Jean-Baptiste Doulcet, pianist

Who or what have been the most significant influences on your musical career?

My dad brought me to the piano when I was a kid. He has always showed me the right path and has always been an inspiration.

Then the influences develop themselves, and the music of composers, in itself, becomes the influence; but being influenced by your own intuition is always the best thing to follow for a career or, let’s say, a repertoire choice!

What have been the greatest challenges of your career so far?

To find the balance between being an improviser and being a pianist of the great piano repertoire. I used to improvise when I was a kid and the liberty, the creativity that improvisation brings can erase everything else; it’s simply the greatest thing! That is also how I learned to create my own sound.  However, when the time comes to face the repertoire more seriously, you do need a framework or at least something more grounded and for me that is the biggest challenge; to keep focused and to work against the habit of improvising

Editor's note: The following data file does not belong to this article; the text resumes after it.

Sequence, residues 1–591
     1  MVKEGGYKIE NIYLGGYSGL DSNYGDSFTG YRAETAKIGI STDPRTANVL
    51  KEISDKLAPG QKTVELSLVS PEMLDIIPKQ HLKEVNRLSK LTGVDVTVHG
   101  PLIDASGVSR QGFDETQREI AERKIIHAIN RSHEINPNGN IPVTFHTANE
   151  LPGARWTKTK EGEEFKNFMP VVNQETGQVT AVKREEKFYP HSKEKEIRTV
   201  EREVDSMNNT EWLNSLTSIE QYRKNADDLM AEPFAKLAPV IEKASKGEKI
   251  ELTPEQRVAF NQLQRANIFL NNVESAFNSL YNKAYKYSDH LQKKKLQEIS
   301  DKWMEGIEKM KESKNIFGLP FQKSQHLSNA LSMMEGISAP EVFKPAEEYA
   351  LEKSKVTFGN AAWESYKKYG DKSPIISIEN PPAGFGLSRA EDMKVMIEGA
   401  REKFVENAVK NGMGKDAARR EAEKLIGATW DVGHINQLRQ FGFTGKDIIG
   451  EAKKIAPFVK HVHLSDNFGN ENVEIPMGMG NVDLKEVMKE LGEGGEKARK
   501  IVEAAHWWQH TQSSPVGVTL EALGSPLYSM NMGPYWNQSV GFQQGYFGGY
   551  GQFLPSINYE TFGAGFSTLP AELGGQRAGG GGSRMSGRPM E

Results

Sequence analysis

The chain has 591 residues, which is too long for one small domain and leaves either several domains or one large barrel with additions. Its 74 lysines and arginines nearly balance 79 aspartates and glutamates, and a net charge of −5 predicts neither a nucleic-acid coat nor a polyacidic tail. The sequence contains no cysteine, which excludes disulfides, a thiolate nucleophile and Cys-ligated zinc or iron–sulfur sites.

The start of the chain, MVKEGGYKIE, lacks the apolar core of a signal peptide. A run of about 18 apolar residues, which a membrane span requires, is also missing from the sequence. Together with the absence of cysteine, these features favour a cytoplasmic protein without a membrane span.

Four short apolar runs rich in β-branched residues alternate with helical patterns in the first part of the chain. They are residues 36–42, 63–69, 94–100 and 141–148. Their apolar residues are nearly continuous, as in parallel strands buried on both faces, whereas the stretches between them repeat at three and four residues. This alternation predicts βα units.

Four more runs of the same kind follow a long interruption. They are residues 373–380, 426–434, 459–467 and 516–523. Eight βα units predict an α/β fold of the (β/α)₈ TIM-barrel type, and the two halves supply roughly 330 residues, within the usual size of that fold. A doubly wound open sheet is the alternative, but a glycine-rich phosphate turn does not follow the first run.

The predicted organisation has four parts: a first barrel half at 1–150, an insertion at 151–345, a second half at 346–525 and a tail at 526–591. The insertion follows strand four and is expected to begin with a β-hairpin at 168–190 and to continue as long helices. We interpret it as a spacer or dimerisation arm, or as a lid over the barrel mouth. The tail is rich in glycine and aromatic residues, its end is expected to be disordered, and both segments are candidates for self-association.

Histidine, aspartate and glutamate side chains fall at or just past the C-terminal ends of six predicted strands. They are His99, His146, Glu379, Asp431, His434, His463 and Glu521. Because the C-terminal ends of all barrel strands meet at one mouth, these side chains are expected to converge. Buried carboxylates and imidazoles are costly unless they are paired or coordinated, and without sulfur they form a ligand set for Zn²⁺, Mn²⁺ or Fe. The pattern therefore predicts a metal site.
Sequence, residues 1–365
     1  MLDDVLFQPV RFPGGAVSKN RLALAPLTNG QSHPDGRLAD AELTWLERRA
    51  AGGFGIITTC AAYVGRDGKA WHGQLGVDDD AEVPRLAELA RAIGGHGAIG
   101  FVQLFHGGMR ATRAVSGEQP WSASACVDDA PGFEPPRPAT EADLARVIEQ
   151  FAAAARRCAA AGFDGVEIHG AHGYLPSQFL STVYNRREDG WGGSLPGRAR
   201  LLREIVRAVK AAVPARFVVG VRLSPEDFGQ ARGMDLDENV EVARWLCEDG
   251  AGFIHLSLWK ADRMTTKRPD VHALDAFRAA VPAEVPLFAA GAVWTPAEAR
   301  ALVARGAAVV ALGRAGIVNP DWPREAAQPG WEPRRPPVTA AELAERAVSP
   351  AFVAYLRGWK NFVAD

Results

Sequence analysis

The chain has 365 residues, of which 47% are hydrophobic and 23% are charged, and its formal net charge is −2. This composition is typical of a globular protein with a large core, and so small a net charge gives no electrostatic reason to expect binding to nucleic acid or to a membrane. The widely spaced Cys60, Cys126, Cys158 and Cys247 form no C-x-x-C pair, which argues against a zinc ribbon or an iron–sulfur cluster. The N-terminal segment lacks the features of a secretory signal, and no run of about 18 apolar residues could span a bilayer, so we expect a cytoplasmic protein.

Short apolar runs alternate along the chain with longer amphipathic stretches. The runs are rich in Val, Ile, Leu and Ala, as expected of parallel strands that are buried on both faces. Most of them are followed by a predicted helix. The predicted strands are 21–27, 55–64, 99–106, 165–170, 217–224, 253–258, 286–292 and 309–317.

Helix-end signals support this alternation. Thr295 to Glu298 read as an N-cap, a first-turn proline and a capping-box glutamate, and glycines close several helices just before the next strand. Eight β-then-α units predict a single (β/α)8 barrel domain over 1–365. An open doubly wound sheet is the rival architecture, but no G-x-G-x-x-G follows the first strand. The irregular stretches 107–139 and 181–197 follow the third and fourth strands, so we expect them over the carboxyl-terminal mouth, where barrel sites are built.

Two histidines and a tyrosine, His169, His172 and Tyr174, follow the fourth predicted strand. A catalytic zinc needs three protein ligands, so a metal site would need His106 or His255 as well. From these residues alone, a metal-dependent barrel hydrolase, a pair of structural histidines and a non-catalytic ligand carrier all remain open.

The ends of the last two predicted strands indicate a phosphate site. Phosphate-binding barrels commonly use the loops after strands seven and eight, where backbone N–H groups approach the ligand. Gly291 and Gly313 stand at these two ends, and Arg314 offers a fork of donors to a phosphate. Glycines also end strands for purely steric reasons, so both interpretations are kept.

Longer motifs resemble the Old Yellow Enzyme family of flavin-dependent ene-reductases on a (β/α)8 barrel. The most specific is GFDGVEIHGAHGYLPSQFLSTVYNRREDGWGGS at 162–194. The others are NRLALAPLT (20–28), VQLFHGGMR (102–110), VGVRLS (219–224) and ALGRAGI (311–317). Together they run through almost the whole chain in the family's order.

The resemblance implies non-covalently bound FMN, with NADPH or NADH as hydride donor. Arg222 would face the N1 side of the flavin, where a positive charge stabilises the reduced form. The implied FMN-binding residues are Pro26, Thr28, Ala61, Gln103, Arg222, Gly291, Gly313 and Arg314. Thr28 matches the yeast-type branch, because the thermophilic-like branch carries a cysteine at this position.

Of which performances/recordings are you most proud?

I think I am still not good at understanding what is the best side of myself when it comes to a concert. I sometimes think the performance was great, because it felt great in the music making, but the audience’s reality is always different; your own sensation as a musician on stage can lie and the real emotion comes out of musical moments that are not always comfortable.   In terms of recordings, that is a different thing. A recording stays forever and, even if we can be proud and happy in the moment where we let it go out into the world, we realize that we already evolved and we now would play it another way.   Nonetheless,  I am proud of my first recording, « Un monde fantastique », especially because I made what I wanted and because I tried to never abandon my personality.  I gave the music what is mine, without thinking what should be or what should not be… I am proud of being able to say who I am in the recorded music industry, and that is because my label, Mirare, had a real trust in me and a real openness for my musical project.

Which particular works/composers do you think you perform best?